If you are close enough to the ocean that you can smell the salt in the air then you’d probably want to invest in gold plated connectors. Otherwise, there’s no reason to use them.

Thank you all for your replies. I’m going to experiment a bit with some of the cables I have, maybe try out some of the brands Capt Kirk mentioned.

I do that quite a bit - but now I guess I got more range to work with with the tone controls. I have a partscaster with fender CS69 and a Duncan SSL5 in the bridge and an Epiphone LP with Haussel '69 pickups, and a 50’s wiring kit in it. Laney CUB12 amp - but I also use an old Behringer V-Amp with headphones when I want to be nice to the neighbours :slight_smile:

True that. With the old cable I had the treble controls way up, so there was little more to go on. It seems a lot more normal now.

My God you’re right! :smack: I do have some clothesline outside that has a metal spiral core. Perhaps I should try it sometime - maybe come up with something radically new :slight_smile:

Yea, a connector’s plating material is so thin that the bulk resistivity value of the plating is almost never an issue.

You’re probably referring to fretting corrosion. It can be a problem for tin-on-tin contacts in environments where vibration is present, and/or where the connector is subjected to wide temperature swings. It’s even more of a problem for gold-on-tin contacts. It’s not a problem at all for gold-on-gold contacts. Another potential problem is galvanic corrosion due to the dissimilar metal interface, but this only occurs in the presence of moisture or some kind of electrolyte.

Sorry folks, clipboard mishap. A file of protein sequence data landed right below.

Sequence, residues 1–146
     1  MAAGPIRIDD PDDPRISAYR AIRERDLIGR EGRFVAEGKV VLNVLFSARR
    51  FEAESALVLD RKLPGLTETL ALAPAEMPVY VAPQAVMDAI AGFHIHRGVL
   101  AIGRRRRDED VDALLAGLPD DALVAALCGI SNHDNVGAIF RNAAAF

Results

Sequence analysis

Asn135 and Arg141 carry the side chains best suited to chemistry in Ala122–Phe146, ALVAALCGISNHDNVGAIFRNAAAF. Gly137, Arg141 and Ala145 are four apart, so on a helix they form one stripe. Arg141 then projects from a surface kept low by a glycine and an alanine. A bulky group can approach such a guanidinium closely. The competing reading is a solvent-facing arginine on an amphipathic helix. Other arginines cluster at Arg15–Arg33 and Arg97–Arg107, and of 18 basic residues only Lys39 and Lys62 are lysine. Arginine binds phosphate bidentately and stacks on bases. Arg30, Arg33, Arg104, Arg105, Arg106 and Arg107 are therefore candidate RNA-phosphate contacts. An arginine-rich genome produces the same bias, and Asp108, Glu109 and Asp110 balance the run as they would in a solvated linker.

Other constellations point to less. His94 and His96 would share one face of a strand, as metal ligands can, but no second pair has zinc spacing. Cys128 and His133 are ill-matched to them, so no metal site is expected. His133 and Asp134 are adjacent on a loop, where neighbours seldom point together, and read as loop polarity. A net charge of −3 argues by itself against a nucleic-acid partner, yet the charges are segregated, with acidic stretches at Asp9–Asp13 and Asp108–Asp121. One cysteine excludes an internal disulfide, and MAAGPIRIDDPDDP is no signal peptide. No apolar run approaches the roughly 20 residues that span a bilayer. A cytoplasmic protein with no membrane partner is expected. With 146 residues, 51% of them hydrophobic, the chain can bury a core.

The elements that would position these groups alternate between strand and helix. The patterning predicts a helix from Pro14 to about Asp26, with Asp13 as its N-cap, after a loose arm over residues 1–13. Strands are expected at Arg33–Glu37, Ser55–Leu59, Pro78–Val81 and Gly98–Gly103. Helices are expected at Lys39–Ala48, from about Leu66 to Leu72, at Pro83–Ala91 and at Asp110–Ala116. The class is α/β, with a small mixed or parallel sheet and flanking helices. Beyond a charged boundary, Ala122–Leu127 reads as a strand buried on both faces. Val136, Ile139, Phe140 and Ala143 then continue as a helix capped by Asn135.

At any rate, there’s usually no problem with using high-quality tin-on-tin connectors. Same goes for nickel (chrome) plated connectors, which are often used for audio jacks.

To the OP:

This guy has done some SPICE simulations for one combination of pickup, cable, and amplifier.

As you can see from this graph, cable capacitance has a definite effect on frequency response. It should be stated, however, that this SPICE model is for his setup only, and will not necessarily be valid for your setup due to differences in the pickups, cables, and input impedances of the amplifiers.

There can be some other possible things to consider.

Dielectric adsorption can cut signal, and better cables use better dielectrics. However this is more subtle. The actual structure of the cables may be different. Whilst we are used to guitar cables that are simple coax, a better cable is made from shielded twisted pair, with the shield connected at one end only. (This, I might add, leads to a directional cable - and is the probably source of the mythology of cable direction in audiofool circles.) The usual go to for info is Rane’s reference site. Here and here. The wiring guide is Rane Note 110, and this particular wiring, number 5 in this note.

The downside is that this style of cable typically has a higher capacitance. But then again, better choice of materials can mean you are still ahead.

Albert Collins was famous for his 100 foot cable, and the attendant forays into the audience. So much part of his act that he continued to use it long after wireless was usable. He had to add significant capacitance to his setup to get back the long cord sound when he used a sensible length. But he mostly played bridge pickup on a tele - and that needs a lot of taming.